Effects of Great Cormorant Predation on Fish Populations and Fishery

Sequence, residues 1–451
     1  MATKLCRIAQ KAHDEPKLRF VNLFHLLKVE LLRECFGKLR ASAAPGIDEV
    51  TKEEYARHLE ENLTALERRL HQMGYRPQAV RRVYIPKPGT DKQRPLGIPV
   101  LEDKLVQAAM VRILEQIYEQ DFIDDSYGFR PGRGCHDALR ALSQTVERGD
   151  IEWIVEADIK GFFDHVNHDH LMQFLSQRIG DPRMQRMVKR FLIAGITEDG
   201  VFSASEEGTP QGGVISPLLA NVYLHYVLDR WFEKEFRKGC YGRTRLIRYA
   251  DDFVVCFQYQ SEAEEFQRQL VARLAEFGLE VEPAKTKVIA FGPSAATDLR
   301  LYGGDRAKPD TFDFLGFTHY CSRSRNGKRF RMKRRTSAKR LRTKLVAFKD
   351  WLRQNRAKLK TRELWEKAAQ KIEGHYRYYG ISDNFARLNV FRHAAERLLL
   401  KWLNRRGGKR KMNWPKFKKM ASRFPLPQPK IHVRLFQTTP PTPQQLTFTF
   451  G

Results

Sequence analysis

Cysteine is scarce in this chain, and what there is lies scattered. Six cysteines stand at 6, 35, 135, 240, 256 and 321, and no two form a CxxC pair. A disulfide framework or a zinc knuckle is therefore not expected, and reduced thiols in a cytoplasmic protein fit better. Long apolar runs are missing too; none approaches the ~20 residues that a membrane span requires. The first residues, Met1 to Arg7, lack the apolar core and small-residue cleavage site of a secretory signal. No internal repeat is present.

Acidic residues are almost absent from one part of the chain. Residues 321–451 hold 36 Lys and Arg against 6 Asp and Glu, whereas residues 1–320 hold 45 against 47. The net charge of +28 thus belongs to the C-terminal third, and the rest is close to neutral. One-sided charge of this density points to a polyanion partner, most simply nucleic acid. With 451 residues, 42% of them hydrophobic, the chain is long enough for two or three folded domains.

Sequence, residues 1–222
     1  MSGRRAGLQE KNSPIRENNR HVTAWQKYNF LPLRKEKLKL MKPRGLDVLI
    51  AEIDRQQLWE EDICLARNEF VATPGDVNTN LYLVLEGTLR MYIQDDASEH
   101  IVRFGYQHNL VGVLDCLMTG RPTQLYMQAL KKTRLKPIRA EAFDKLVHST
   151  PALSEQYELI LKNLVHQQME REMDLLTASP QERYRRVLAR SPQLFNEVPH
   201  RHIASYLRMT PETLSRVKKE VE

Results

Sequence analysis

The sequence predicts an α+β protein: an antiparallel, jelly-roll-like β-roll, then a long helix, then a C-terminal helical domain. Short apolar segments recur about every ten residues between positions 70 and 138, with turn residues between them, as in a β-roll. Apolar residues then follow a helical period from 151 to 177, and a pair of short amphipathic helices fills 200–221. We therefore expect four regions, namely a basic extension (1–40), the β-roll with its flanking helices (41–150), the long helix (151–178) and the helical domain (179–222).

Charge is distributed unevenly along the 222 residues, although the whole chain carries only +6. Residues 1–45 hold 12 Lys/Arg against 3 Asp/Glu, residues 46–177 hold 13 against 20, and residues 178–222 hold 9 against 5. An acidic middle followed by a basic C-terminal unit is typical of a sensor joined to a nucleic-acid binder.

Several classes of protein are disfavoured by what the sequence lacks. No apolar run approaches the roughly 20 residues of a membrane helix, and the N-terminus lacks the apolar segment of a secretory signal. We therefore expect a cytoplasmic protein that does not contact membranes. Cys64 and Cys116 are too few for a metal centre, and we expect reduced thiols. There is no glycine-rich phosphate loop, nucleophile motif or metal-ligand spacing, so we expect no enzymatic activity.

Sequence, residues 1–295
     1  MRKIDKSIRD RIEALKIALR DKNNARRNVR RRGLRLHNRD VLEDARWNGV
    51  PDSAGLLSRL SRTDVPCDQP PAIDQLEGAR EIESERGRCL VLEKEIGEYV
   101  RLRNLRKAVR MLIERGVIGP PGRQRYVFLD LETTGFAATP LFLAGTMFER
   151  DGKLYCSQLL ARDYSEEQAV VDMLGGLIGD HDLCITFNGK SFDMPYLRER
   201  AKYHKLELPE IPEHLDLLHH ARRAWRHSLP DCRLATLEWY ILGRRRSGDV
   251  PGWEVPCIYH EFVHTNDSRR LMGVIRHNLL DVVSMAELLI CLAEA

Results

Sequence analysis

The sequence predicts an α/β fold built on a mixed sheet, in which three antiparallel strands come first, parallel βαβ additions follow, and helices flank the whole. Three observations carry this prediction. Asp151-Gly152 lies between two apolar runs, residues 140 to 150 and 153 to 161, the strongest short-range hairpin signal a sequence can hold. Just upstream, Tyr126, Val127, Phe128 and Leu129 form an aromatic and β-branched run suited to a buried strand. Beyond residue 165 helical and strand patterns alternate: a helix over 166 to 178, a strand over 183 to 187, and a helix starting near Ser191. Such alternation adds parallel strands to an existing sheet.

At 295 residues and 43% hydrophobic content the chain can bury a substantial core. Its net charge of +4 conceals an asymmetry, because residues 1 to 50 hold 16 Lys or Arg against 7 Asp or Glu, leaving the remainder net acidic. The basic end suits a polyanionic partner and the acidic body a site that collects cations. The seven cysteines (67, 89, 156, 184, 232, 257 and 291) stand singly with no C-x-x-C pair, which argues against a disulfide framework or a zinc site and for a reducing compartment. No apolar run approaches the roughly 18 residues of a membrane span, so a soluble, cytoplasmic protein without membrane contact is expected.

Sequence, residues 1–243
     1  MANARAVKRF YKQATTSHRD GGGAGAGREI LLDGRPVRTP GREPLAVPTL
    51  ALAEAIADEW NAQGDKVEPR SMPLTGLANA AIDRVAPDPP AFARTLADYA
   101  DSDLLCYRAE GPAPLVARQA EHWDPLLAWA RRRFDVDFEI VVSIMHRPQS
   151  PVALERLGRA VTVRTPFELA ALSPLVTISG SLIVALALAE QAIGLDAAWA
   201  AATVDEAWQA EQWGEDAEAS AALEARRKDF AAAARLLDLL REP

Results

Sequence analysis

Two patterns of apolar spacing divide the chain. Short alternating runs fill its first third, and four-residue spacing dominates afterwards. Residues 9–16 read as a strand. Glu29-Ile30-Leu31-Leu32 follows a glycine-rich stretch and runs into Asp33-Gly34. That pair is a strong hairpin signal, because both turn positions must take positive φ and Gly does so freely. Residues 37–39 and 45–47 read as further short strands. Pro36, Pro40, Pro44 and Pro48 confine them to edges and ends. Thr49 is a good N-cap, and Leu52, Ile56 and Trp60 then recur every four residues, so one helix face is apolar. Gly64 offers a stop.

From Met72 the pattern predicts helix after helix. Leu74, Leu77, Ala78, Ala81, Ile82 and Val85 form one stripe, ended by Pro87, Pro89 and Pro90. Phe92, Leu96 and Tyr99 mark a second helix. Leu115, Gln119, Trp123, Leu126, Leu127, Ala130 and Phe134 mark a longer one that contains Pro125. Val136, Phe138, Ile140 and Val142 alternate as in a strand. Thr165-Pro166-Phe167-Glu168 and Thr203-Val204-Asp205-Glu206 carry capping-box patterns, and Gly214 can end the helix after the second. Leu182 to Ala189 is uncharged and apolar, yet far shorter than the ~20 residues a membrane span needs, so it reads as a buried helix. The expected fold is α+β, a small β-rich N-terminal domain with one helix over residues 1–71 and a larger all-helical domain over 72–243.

Sammanfattning: The strong increase in number of Great cormorants Phalacrocorax carbo in Sweden in recent years has led to conflicts - particularly with fishery. This thesis focuses on the possible effects of cormorant predation on fish populations. In total, data from 15 lakes in South Sweden were included in this study while most studies were carried out in Lake Ymsen. The results suggest that the impact of cormorant predation on natural fish populations was small, and I observed no decline in fish mass after cormorants established. Cormorant predation on eel was difficult to evaluate because of several confounding factors.Ruffe, roach and perch were the most important prey species to the cormorants and most fish taken were small. Cormorants do not seem to catch species and sizes in proportion to their occurrence in the fish community.Total fish removal by cormorants varied considerably among lakes (0.2-15.0 kg/ha) and cormorant population sizes at the different lakes were significantly positively correlated with fishery catches, which in turn was significantly positively correlated with total phosphorous levels. Thus, cormorant densities in lakes, and perhaps elsewhere, seem to be governed chiefly by fish densities. The fact that cormorant predation appears not to reduce fish densities suggest cormorants to be regulated by other means than prey depletion. The mechanism behind population regulation could be a behavioural response of fish, making fish more difficult to catch for the cormorants.In recent years, cormorant populations have been subjected to intensive legal and illegal actions with the aim to reduce cormorant numbers. However, the actions currently carried are well below the efforts needed to limit population sizes. To conclude, cormorants appear to compete little with fishery, with regards to free-living fish. The main problem is that cormorants sometimes damage and take away fish in fishing gears.